Next is “Child Of The Sun,” from the Spring 1942 Planet Stories, which you can download a full scan of for free at The Internet Archive. This is early Brackett, and while entertaining, isn’t as polished as the later stories of hers I’ve read. It takes place in a future in which people have been “Hiltonized,” brainwashed into vacant happiness. A “hero” of the rebellion – who comes off more as a sulky defeatist – escapes with a young woman and a new member of the resistance past the inferno of Mercury, being chased by Empire ships, and discovers there a hidden planet. The story comes off like a prefigure of Star Trek, as there they encounter a “sun-child,” being a living shard of the sun, created eons before when the solar system was new. It creates things for its own entertainment, and looks to the three humans as new sport. They try to hoodwink it into creating a new world that will act as a base for their resistance movement.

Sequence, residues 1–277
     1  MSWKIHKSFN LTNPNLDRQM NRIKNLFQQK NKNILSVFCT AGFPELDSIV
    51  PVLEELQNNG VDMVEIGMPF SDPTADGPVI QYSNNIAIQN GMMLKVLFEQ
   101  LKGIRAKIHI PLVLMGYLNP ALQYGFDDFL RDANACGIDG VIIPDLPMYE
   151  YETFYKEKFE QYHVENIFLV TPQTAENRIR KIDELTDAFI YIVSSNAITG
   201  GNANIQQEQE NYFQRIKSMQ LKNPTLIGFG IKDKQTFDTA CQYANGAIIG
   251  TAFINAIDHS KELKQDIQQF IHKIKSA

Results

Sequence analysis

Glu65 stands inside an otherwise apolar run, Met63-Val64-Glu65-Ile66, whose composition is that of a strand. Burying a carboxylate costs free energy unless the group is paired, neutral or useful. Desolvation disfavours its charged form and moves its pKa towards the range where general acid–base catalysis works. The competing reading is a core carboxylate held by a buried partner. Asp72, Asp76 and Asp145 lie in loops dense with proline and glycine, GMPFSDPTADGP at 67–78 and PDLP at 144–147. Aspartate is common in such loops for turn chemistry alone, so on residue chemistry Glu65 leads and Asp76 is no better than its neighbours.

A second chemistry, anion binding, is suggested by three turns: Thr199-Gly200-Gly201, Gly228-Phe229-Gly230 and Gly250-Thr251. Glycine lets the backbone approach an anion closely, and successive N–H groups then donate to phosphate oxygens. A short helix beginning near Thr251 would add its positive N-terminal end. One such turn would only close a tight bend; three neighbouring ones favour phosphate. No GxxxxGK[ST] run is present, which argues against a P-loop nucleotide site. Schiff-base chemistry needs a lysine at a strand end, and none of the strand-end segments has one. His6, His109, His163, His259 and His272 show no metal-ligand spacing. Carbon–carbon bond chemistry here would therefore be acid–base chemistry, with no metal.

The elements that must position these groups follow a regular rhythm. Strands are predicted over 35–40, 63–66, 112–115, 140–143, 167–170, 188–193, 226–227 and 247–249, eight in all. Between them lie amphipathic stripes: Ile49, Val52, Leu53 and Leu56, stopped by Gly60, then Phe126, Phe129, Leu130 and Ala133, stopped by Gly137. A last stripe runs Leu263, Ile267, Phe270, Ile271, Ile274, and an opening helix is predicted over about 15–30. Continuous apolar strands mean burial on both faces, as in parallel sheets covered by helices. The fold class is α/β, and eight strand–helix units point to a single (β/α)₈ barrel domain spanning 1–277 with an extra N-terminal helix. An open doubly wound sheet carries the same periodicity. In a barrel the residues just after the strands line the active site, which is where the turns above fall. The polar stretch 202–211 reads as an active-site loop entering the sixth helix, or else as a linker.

Another early Brackett follows: “Retreat To The Stars,” from Astonishing Stories November 1941. This one’s the shortest in the collection, and also I found it the most forgettable. It’s similar to the previous story, only this time the traitorous character is the protagonist. It also has to do wih a future in which a despotic government has taken over the solar system, with a small group of resistance fighters opposed to it. Only our “hero” gradually harbors doubt about the oppressive regime he has sworn himself to.
Finally we have “The Jewel Of Bas,” a novella from the Spring 1944 Planet Stories, also available at The Internet Archive, but be aware the copy scanned there has a tear on the first page of this novella, so some of the text is missing. This one takes place outside of Brackett’s usual stomping grounds of our solar system, on a planet that has “fireballs” in the sky. Our protagonists are a pair of thieves who happen to be married: Mouse, a young woman who has the brand of a thief between her eyes, and Ciaran, who likes to play a harp. Brackett would recycle this name in “Black Amazon Of Mars,” but here I realized it’s apparently pronounced “Kiaran,” as Mouse’s pet name for him is “Kiri.” Brackett was supposedly “obsessed” with Celtic stuff, so more than likely it’s a Celtic name, but I’m too lazy and/or disinterested to look it up.